Since RoboCat has no menus or mode selection, the game begins a lobby search almost immediately after Steamworks is initialized. The lobby search is encapsulated by the LobbySearchAsync function shown in Listing 12.3. The only filter used is for the game name, which ensures that only lobbies for RoboCat are found. But any additional filters could be applied by calling the appropriate filter functions prior to the call to RequestLobbyList. Note that the code only asks for one result, because the game will simply auto-join the first lobby it finds.

Listing 12.3 Searching for a Lobby

const char* kGameName = "robocatrts";

void GamerServices::LobbySearchAsync()
//make sure it's Robo Cat RTS!
kGameName, k_ELobbyComparisonEqual);

//only need one result

SteamAPICall_t call = SteamMatchmaking()->RequestLobbyList();
mImpl->mLobbyMatchListResult.Set(call, mImpl.get(),

The use of the SteamAPICall_t struct in LobbySearchAsync requires a bit more explanation. In the Steamworks SDK, all asynchronous calls return a SteamAPICall_t struct, which essentially is a handle to the asynchronous call. Once given this handle, you must let Steamworks know what callback function to invoke when the asynchronous call completes. This association between an asynchronous handle and a callback is encapsulated by an instance of CCallResult. In this case, the instance is the mLobbyMatchListResult member of the implementation class. This member and the OnLobbyMatchListCallback functions are defined as follows inside GamerServices::Impl:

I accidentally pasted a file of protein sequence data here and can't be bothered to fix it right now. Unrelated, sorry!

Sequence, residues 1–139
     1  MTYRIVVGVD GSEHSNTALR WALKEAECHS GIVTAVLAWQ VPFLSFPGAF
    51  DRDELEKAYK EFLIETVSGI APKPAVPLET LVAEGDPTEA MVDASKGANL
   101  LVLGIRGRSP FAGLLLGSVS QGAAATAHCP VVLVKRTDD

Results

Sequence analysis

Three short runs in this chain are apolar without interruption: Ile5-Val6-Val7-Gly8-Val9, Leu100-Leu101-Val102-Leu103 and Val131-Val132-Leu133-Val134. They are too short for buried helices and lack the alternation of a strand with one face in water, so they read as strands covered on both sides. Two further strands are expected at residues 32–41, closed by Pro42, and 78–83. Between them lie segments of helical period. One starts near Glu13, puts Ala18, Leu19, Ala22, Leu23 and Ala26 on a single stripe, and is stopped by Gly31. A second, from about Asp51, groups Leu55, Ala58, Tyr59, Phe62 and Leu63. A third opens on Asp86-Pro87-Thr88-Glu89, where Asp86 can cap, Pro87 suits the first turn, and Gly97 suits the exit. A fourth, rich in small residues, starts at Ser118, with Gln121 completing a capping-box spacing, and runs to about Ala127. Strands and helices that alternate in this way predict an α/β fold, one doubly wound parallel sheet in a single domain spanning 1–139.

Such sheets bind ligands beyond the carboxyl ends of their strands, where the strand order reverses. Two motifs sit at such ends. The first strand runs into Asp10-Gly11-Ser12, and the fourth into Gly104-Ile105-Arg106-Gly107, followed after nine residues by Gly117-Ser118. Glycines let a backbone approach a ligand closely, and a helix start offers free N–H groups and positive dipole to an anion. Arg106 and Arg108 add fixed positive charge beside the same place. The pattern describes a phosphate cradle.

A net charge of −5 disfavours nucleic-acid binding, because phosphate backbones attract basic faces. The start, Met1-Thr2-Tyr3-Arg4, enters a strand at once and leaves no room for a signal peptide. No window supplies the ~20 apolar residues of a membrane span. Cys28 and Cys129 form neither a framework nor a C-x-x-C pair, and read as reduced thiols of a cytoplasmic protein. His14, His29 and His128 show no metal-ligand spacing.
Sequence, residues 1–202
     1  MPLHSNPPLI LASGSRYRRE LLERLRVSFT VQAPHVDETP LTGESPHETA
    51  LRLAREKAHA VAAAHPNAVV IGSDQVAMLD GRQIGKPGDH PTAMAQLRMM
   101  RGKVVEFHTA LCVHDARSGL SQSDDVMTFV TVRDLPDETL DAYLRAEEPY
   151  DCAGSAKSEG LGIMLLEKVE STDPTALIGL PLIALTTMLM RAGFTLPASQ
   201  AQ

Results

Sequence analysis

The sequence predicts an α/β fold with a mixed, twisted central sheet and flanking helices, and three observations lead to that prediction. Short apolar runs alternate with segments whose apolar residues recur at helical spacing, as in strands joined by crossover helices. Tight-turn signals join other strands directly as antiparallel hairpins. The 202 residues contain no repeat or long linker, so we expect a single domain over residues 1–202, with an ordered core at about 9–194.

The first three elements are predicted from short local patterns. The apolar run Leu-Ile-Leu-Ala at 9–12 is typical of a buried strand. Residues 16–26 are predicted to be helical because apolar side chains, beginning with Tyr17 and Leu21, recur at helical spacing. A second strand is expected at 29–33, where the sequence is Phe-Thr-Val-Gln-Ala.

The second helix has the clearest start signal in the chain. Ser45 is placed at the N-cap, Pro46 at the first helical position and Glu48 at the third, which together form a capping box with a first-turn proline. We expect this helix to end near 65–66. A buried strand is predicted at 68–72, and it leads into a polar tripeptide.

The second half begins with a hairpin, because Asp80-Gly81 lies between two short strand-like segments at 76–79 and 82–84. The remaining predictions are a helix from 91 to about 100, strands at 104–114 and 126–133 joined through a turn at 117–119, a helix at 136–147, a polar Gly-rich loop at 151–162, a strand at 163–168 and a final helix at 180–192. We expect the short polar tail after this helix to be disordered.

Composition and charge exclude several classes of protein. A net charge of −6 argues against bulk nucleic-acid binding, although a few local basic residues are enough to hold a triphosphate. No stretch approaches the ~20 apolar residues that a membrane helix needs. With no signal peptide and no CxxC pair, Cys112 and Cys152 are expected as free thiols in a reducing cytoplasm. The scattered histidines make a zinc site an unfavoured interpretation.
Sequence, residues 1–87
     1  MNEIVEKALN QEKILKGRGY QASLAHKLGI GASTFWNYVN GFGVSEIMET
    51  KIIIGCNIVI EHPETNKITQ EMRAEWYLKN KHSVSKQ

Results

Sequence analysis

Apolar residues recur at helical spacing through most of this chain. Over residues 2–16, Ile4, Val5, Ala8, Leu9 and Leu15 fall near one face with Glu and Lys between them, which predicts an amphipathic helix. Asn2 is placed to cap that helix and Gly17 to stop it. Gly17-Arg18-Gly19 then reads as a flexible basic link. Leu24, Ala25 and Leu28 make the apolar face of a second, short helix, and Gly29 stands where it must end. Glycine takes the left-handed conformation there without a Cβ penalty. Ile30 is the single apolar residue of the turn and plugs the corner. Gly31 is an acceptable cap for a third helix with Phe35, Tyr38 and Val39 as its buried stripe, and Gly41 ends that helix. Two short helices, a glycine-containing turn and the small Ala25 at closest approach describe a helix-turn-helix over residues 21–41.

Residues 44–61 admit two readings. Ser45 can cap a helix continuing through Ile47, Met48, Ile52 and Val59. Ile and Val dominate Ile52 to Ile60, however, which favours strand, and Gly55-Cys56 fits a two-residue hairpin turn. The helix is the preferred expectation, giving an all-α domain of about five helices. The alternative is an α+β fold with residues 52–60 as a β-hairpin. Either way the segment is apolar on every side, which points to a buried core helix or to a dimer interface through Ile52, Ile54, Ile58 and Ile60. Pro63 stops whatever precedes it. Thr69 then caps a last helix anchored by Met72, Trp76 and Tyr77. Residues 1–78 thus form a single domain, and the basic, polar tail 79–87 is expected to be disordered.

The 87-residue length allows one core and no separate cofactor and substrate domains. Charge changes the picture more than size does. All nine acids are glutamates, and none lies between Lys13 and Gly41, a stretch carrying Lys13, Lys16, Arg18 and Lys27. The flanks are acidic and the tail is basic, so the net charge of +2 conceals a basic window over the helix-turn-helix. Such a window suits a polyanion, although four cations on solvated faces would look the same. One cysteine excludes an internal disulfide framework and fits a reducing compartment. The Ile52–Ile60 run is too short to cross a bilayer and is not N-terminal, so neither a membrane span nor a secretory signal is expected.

//Call result when we get a list of lobbies
CCallResult<Impl, LobbyMatchList_t> mLobbyMatchListResult;
void OnLobbyMatchListCallback(LobbyMatchList_t* inCallback, bool inIOFailure);

In this particular instance, the implementation of OnLobbyMatchListCallback has a couple of cases to consider, as shown in Listing 12.4. Note that we check for the IOfailure bool. All callbacks have this bool, and it should be assumed that if the value is true, there is an error and the callback should not proceed. However, if a lobby is successfully found, the code requests to enter that lobby. Otherwise, it will create a new lobby. Both of these cases involve an additional asynchronous function call as well, so there are two more callbacks to look at:OnLobbyEnteredCallback and OnLobbyCreateCallback. To see the implementation of these callbacks, consult the sample code. One important thing to note in these functions is that once the player enters a lobby, the NetworkManager is notified via an EnterLobbyfunction.